Life in the 1970’s

I looked around my room, saw my Mac on the table and my cellphone right by my pillow side. I then fell asleep to the sound of cars speeding and my mom talking on the phone, while watching TV with the volume blasting. As I started to drift off, I wondered what life would be like if I was born in a different time period, a time where internet was not available in the palm of my hands or when I’m not able to call up any one of my friends whenever I want.

I thought about the 1970’s, a time of wonderful celebration after the chaos and turmoil of the previous decades. A decade that had enormous advancements in fashion, communication, electronics and music. 

So lo and behold I had a dream I woke up in the 70’s. Instead of waking up to the sound of my cell phone beeping or my mom talking on the phone. I woke up to the sound of my mom in the kitchen making breakfast with the new microwave and oven that we got and my brother rushing out the door to meet his friends right before school.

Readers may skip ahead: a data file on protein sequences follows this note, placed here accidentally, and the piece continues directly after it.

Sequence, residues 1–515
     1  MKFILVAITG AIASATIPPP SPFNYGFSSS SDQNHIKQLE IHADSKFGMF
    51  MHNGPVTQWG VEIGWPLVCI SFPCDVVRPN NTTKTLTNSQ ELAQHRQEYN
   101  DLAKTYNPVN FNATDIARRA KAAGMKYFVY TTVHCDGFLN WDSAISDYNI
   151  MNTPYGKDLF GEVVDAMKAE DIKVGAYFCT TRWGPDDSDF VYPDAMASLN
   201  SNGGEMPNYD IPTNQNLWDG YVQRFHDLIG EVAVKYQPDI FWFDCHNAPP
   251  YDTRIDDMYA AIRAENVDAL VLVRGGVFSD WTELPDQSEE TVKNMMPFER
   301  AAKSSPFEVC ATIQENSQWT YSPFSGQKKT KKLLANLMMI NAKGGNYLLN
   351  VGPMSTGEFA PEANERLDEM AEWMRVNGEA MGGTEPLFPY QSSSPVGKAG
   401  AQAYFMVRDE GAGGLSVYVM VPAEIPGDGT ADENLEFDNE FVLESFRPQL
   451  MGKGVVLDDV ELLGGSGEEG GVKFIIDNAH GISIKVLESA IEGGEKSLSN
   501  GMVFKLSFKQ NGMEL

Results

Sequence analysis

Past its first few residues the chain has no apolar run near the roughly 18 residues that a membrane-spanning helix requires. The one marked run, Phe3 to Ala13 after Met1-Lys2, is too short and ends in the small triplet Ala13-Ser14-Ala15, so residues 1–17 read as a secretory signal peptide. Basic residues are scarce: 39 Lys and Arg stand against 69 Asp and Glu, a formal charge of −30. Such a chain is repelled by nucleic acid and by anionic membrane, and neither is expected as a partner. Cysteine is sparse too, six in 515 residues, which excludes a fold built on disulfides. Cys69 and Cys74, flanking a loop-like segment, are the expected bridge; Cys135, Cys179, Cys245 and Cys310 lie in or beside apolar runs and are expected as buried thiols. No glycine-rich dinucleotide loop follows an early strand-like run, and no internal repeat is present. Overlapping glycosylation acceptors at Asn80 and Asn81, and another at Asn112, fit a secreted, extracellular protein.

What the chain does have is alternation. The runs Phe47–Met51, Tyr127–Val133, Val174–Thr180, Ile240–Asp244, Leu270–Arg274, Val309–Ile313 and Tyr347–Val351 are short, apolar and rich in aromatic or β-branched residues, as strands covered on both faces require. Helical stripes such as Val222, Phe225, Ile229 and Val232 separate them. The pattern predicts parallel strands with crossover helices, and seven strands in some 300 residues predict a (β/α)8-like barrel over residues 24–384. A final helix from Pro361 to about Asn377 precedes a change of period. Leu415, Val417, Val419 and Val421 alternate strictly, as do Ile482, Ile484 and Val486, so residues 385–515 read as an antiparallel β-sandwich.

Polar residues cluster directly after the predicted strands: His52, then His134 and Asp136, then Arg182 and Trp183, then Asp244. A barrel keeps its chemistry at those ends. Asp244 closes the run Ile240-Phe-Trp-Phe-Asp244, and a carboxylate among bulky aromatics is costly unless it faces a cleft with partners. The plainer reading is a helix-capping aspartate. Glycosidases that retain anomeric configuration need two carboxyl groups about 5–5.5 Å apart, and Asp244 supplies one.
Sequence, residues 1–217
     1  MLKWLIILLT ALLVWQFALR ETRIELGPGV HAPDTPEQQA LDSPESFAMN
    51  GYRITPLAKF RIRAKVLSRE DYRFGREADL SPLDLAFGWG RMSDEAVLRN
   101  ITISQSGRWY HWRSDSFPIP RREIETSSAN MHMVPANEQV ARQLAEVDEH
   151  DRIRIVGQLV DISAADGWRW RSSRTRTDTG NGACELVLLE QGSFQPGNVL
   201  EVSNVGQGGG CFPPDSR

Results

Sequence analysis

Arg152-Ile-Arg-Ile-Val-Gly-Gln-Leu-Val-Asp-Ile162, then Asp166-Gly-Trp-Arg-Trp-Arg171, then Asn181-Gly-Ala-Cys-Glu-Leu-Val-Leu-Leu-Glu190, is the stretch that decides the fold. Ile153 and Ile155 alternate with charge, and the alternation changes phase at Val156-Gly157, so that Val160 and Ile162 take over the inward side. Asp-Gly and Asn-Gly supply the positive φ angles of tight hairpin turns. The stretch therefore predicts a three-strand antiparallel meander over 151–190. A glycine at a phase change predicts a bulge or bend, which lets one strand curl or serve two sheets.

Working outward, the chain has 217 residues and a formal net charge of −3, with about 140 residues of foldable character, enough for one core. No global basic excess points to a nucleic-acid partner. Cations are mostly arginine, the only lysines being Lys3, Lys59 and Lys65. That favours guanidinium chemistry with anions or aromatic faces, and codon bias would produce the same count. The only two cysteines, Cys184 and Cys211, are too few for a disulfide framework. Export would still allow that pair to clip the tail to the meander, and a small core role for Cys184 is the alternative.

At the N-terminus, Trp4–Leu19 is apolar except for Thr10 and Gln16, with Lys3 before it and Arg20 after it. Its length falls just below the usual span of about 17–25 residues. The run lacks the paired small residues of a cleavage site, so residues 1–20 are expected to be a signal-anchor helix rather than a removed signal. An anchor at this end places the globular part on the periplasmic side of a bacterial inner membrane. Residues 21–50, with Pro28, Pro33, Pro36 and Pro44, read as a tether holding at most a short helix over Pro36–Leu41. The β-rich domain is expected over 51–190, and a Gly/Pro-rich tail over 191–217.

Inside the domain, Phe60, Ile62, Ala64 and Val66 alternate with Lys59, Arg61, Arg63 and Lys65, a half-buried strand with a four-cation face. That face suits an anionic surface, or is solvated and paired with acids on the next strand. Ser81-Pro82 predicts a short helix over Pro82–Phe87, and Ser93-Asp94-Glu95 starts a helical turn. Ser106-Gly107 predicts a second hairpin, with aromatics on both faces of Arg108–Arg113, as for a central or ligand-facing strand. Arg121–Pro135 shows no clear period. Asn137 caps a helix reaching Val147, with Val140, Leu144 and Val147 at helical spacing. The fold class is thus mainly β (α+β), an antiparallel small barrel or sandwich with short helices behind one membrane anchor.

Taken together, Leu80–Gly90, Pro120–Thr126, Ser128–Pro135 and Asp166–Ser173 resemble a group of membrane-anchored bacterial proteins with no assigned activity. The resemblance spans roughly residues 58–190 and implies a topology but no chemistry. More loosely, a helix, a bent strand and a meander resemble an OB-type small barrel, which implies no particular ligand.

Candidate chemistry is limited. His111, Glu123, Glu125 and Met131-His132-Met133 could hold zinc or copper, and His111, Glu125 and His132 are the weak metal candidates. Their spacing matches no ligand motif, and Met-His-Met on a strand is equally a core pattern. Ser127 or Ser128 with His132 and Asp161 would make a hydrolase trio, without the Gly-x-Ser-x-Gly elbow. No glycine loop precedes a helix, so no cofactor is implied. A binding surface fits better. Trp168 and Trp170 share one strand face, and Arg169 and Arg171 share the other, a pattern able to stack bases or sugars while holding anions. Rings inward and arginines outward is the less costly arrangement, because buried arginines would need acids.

I decided to get out of my bed and I saw a record player placed in the corner with posters of singers and bands all across the wall. After seeing my room, I decided to walk outside to see how everything else was different.

When I first stepped outside I saw people wearing the grooviest clothes I’ve ever seen. Girls wore wild bell bottom pants and hip huggers that were decorated with beads and glitter. Someone else wore a really bright one-piece jumpsuit with a zipper in the front and a wide belt wrapped around their waist. I also saw what looked like a granny dress, that I thought was paired with a unique large peace sign necklace. I also found that a lot of their shirts were either flowy or halters. Something I found interesting, was that most girls seem to pair all of their different outfits with platform shoes that added at least 3-5 inches in their height.

How the girls did their hair really surprised me, it turns out they prefer hairstyles that require low maintenance. So they ditched the rollers and opted for long and straight hair with a colourful bright ribbon wrapped around their foreheads.